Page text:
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Brexit and American Travel

What does Britain's vote to leave the European Union mean for American travelers? Cheaper prices throughout Britain (at least for now). Amid the uncertainty following the vote, the British pound has taken a dive, resulting in the lowest exchange rate against the dollar in about 30 years. As Frommer's editorial director Pauline Frommer puts it, "That will mean that our dollars will go further for meals and attractions when visiting Britain. But there could be savings on hotels, too."

Frommer's founder (and Pauline's father) Arthur Frommer, meanwhile, laments the loss of European unity and warns that lines to enter Britain may eventually get longer, since travelers from EU states will eventually have to wait along with the rest of us instead of passing through customs with British citizens.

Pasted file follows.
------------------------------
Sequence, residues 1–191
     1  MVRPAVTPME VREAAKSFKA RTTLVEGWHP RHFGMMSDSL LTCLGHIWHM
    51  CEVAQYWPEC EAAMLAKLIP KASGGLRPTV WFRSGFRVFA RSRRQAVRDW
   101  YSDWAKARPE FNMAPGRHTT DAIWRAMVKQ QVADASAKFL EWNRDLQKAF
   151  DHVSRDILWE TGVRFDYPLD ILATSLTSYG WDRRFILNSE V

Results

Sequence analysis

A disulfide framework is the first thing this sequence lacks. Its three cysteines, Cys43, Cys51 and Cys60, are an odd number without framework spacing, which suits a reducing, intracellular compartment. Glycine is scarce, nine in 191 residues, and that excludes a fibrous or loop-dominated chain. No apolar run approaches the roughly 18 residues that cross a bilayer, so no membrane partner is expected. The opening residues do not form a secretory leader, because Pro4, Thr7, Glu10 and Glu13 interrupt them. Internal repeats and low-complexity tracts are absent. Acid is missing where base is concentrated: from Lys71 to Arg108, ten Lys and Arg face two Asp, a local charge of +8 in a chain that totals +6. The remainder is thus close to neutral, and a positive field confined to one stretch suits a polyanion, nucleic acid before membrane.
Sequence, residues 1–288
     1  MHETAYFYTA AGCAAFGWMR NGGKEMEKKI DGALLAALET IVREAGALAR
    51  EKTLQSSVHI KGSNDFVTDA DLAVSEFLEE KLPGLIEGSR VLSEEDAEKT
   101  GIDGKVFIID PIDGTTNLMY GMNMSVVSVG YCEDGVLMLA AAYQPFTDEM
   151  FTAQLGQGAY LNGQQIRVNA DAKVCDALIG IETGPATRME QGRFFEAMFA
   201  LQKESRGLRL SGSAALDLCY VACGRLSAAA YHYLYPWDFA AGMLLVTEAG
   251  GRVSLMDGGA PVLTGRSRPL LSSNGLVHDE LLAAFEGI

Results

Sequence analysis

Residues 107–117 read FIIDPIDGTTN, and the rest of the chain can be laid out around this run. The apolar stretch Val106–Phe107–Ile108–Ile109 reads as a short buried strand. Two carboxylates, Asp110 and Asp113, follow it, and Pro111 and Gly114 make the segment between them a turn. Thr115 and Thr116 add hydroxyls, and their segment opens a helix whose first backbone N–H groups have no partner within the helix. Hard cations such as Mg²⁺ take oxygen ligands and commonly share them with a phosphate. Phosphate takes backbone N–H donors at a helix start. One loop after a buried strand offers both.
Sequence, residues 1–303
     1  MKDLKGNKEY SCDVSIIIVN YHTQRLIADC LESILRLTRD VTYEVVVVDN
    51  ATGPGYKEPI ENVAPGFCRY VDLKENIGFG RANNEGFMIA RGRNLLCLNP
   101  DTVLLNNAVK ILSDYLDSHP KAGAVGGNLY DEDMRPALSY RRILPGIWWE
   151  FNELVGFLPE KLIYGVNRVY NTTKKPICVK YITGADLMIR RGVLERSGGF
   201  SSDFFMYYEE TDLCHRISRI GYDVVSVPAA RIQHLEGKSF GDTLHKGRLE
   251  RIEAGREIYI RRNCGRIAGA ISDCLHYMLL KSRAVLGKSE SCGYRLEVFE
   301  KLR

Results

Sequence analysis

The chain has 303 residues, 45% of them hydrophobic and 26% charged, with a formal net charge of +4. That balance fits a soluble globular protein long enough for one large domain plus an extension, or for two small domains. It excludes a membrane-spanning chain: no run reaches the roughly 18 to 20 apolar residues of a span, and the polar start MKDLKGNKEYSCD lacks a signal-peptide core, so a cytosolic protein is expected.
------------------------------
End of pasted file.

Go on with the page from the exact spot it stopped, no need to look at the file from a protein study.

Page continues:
Britain's exit from the EU could also affect the continent's cheap and easy air travel. For 20 years, airlines based in European Union countries have been free to fly anywhere within that single market, resulting in more flights and lower fares. Now it's unclear whether the same rules will apply, which is one reason why British airline stocks have fallen—some by as much as 20%. If the uncertainty lingers and no deal is reached to keep the skies open, you can expect fares to go higher.